originally posted at People Before Profit
The killing of 129 people in Paris by ISIS was a barbaric atrocity that must be condemned by all. It was a vile act motivated by a hateful sectarian view of the world where the people of different nationalities who congregated in Paris were defined as living in a world of ‘adultery and vice’. Only religious fanatics who were motivated by such a terrible political vision could carry out the murders in such a cold-blooded and calculating fashion.
The only way to overcome this terrorist threat is to understand the context it grew out of.
In 2003, the world’s anti-war movement warned that the US intervention in Iraq would create a humanitarian disaster and create a sectarian nightmare. Unfortunately, these predictions have been borne out.
ISIS grew out of a Sunni sectarian reaction to the sectarian policies being deployed by the Maliki government in Iraq. It emerged out of a combination of ex-Ba’athist generals who formerly backed Saddam Hussein and jihadist elements who thrived on the resentments of populations like those in Fallujah who had been subjected to terrible US bombardment.
ISIS is not a product of a Muslim culture – it is rather the bitter fruit of an imperialist intervention which stoked up sectarian divisions. Understanding this is key to knowing how to respond.
The knee-jerk reaction of the big Western powers plus their Russian bedfellows is to push for even more bombing of Syria. They want retribution to show that their rule must never be threatened.
But Syria is already the most bombed country on the planet. The US is spending €8 million a day on bombing Syria and Russia is spending €4 million a day. On top of that a variety of regional powers are funnelling in money and military equipment to various forces to carve out their ‘sphere of infuence’ within the country. The US ally, Saudi Arabia, has given vast military resources to Jaish al-Fatah, or the Army of Conquest, a command structure for jihadist groups in Syria that includes Jabhat al-Nusra. Iran, by contrast is arming and supporting the Assad regime.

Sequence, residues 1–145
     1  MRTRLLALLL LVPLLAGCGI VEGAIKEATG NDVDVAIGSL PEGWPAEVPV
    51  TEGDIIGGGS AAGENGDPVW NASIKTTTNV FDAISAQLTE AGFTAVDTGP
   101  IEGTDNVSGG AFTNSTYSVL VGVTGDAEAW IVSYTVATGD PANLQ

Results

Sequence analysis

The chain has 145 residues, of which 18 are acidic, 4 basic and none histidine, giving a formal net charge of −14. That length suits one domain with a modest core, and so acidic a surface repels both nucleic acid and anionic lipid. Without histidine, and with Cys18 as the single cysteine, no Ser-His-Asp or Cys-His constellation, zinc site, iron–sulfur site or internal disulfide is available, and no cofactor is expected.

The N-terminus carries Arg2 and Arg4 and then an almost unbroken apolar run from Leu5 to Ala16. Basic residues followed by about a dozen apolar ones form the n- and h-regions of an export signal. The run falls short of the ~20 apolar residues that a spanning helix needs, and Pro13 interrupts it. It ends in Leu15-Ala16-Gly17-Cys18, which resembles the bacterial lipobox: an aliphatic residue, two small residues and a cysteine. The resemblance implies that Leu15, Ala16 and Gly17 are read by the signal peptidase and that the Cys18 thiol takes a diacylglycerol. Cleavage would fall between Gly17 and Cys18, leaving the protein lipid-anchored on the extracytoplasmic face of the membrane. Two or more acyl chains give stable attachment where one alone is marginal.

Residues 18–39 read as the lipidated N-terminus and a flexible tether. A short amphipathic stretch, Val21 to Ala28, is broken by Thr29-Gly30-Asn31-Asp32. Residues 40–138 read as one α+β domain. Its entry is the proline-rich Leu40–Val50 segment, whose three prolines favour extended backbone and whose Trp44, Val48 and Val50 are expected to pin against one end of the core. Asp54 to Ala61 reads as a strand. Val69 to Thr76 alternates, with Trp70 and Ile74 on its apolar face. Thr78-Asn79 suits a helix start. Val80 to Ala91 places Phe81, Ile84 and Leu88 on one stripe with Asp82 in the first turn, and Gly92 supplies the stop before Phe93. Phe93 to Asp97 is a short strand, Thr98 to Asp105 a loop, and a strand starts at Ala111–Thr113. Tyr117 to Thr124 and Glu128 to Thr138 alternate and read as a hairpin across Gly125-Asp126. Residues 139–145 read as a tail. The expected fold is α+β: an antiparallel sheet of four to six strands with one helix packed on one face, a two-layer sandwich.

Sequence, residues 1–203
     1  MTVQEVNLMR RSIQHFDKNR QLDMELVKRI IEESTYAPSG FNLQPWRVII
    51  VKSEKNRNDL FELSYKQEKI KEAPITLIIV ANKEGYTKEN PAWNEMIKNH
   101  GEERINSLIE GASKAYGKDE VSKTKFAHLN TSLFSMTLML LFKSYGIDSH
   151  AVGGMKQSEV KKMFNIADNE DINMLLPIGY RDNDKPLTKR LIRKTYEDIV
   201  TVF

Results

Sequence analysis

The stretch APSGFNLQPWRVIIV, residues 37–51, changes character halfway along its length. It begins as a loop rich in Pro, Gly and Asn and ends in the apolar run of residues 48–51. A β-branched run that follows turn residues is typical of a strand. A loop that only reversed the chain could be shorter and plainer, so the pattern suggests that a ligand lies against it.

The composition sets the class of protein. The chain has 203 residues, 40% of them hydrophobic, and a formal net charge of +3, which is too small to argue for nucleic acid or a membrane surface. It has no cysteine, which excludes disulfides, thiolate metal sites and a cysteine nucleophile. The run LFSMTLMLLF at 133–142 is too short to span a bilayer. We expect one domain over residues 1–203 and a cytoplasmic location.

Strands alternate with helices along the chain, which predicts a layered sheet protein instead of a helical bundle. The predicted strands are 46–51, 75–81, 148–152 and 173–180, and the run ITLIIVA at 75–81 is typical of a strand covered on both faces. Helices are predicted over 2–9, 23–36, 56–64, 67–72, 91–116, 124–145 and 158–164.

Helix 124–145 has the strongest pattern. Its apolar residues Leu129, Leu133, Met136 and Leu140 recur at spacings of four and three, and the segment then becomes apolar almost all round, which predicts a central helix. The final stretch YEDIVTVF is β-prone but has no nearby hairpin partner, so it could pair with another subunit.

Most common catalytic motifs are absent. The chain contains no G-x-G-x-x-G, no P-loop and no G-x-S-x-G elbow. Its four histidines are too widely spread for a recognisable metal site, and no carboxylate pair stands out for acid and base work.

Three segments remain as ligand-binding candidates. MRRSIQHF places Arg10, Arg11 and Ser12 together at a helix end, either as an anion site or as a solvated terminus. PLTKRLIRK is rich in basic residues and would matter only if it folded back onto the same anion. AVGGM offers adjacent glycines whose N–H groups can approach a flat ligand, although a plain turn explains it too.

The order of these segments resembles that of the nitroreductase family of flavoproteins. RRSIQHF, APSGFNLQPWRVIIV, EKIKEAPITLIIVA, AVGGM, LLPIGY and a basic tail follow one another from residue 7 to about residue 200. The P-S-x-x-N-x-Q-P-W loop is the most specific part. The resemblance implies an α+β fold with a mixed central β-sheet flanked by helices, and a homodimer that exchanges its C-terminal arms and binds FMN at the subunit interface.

Yet despite this horrific militarisation, there has been no stopping the growth of ISIS. The terrible reality is that more aerial bombardment leads to the inevitable massacres of civilians. Airwars, a coalition of independent investigative journalists has claimed that 459 civilians have been killed, including 100 children. These killings have created fertile ground for recruitment to ISIS.
Attempts, therefore, by the imperialist powers to use the Paris terror attacks to step up their aerial bombardment of Syria is not just plain wrong – it is totally counter-productive. The more bombs that are dropped on cities like Raqqa, the more ordinary civilians are killed. And just like the people who died in Paris, their lives matter too.
The extreme right are also trying to use the bombings to target refugees fleeing from Syria. They de-humanise the refugees by denying that they share the exact same feelings as the people in Paris – but have only experienced more bombings and murder.
Sections of the media have taken up this refrain by claiming that there are ‘fears’ about the refugees because they may contain ISIS infiltrators. But the attackers of Paris were as likely to come from Belgium as anywhere else and no one has called for its borders to be closed. The plain reality is that it is easier for ISIS to send attackers into Europe with false passports on regular flights than it is to walk thousands of miles in arduous conditions.
The real hope of defeating ISIS lies in a revival of the Arab revolution. When that was in full flight, sectarian forces were pushed back and tyrants were terrified. It was precisely this latter fear that led Saudi Arabia to divert the revolt in Syria itself into a sectarian conflict. They shared that aim with Syria’s tyrant, Bashir Assad.
ISIS grew out of a bitter despair that arose from the aftermath of the Iraq war. If we want to defeat them, we should oppose more aerial bombardment and support the wider progressive movement for freedom and change throughout the Arab world.